Is your intention here to visualise scientific findings or is it more about conveying the significance of such findings?
A bit of both really. I’ll give you an example. The Atomium in Brussels is based on the real structure of atoms. By contrast, switching over into art I imagine a different kind of Atomium capable of generating its own cosmos. In this the physical model would serve simply as an initial stimulus.

So you are undertaking a certain measure of abstraction.
Exactly. By dousing it with paint I then achieve an even greater degree of abstraction, as well as estrangement in relation to the subject of gravity. If you take a close look at it you’ll see the colour runs from the bottom to the top. If you like, I have turned gravity on its head. The artist is entirely free in what he does, he has to be. This is of course a visualisation of my own personal idea of the atomic model, a purely artistic one.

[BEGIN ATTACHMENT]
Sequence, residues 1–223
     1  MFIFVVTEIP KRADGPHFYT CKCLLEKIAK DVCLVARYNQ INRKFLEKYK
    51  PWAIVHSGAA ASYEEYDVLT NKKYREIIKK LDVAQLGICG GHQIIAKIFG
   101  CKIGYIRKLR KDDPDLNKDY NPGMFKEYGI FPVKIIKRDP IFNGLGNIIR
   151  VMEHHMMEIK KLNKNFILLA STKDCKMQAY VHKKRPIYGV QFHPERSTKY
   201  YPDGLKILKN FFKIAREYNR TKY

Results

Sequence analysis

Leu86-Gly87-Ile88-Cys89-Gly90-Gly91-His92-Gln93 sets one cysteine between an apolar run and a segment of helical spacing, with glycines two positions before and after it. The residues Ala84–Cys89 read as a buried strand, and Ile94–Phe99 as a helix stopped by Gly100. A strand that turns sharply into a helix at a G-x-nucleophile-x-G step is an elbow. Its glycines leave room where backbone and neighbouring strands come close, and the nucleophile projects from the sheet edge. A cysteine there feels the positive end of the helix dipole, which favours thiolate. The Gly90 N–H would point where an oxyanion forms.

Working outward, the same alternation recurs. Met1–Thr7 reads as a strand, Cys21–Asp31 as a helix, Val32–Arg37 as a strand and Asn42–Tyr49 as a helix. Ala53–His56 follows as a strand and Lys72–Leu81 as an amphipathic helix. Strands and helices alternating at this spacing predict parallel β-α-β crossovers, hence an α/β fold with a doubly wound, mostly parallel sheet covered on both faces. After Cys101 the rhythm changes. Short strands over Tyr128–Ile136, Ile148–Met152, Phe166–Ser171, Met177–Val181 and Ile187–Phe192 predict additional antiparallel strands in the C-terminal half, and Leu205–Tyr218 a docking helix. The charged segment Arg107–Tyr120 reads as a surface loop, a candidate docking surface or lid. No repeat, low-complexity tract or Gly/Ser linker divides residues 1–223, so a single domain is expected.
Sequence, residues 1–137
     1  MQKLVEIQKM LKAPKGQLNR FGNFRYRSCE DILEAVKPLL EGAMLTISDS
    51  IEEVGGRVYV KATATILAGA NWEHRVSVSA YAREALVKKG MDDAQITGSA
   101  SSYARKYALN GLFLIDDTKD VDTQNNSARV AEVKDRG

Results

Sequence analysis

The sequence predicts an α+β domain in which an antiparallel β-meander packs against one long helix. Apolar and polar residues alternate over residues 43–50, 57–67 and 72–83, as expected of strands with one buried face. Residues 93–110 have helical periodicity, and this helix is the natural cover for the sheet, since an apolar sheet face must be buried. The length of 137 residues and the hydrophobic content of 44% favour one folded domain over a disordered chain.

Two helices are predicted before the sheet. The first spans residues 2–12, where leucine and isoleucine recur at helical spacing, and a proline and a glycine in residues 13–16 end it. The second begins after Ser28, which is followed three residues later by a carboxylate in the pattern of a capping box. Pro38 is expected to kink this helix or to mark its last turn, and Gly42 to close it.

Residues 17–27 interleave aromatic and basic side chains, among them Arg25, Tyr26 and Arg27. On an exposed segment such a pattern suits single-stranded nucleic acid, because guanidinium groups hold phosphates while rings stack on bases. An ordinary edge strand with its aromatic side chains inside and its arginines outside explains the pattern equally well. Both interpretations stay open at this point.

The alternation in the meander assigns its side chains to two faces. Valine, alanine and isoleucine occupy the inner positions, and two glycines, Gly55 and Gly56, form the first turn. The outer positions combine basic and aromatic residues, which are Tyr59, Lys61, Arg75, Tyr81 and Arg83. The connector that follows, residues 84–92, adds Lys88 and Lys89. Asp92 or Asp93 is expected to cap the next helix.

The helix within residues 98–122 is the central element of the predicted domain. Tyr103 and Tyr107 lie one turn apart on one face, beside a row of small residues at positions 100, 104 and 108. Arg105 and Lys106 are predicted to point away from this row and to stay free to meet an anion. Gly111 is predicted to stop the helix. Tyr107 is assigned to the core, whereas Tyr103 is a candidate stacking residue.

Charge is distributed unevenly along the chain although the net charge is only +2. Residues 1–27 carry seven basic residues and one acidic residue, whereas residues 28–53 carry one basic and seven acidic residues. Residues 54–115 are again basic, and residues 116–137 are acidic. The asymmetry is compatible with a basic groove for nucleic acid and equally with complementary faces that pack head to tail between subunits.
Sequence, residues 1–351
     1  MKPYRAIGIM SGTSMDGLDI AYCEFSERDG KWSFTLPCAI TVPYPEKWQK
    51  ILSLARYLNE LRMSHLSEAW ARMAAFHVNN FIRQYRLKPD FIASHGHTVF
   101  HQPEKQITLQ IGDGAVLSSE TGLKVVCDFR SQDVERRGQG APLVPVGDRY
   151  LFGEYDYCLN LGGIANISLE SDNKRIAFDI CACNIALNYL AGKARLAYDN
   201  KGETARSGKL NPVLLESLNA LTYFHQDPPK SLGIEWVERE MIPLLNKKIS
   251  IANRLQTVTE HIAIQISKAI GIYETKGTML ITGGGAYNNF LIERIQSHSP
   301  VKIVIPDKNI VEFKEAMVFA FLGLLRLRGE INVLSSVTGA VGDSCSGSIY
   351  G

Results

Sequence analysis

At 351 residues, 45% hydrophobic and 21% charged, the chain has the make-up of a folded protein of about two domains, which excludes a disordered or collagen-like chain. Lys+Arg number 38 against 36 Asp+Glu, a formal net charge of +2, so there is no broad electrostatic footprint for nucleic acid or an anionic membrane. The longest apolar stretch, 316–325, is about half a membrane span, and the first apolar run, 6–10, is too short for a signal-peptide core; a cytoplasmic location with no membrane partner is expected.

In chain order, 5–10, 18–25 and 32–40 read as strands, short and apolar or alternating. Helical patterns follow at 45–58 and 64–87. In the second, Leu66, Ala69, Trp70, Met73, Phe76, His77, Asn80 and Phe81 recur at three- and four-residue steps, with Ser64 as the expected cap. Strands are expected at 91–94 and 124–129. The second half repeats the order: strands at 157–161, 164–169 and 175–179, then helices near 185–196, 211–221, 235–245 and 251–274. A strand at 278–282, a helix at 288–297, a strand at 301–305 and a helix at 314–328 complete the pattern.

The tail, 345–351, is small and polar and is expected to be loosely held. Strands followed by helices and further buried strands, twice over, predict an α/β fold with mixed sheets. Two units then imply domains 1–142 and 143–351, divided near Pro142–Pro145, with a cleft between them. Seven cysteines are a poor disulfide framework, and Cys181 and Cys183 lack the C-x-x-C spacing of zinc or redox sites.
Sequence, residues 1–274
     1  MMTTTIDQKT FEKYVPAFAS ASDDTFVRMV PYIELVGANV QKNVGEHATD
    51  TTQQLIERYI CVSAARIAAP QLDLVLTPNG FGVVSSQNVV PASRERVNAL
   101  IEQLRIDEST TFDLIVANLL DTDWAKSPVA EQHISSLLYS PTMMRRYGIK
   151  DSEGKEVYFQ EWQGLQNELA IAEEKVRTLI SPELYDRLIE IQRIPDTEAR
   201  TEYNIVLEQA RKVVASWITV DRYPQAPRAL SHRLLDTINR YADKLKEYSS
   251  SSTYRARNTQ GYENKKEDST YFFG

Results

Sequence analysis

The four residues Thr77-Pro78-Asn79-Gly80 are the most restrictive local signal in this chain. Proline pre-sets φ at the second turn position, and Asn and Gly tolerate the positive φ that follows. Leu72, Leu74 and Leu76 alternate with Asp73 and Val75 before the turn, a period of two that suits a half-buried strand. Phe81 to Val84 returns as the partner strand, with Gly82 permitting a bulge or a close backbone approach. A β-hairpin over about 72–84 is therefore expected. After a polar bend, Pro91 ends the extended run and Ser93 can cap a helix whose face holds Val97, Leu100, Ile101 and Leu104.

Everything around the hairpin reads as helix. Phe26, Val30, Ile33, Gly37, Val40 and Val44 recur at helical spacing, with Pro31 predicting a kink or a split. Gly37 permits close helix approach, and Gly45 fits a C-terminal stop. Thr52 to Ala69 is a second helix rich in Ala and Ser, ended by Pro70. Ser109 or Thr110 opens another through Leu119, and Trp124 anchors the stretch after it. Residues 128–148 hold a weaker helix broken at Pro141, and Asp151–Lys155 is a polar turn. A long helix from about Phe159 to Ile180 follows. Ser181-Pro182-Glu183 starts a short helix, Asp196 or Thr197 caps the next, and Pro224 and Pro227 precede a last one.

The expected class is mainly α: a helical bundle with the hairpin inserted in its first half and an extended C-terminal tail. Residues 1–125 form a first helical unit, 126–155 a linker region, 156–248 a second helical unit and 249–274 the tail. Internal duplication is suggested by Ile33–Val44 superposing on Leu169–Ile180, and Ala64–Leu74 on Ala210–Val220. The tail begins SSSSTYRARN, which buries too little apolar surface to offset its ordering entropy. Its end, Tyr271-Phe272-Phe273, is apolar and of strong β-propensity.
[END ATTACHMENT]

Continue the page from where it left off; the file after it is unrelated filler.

Insofar as you work as a science-related artist one might encapsulate your method as follows: after getting first acquainted with a project, you revise a certain basic knowledge (for instance relating to atomic structure and gravity), then you enter the process of artistic adaptation which takes you back into your personal universe, your worldview and your way of working. The acquired body of knowledge serves as a point of departure for your free creative work. Or you might say, revising the state of your scientific knowledge provides a launch pad for a flight of free artistic development. Not all science-related artists are willing to immerse themselves so deeply in the relevant basic scientific principles. In many cases it is little more than a superficial encounter.
You could say that. But I’ll add another important aspect: my artistic treatment of scientific findings has something to do with humour.

Thomas Schönauer: Atompop 28 (2016). Photo: Ralph Richter.
Thomas Schönauer: Atompop 28 (2016). Photo: Ralph Richter.

That needs clarifying.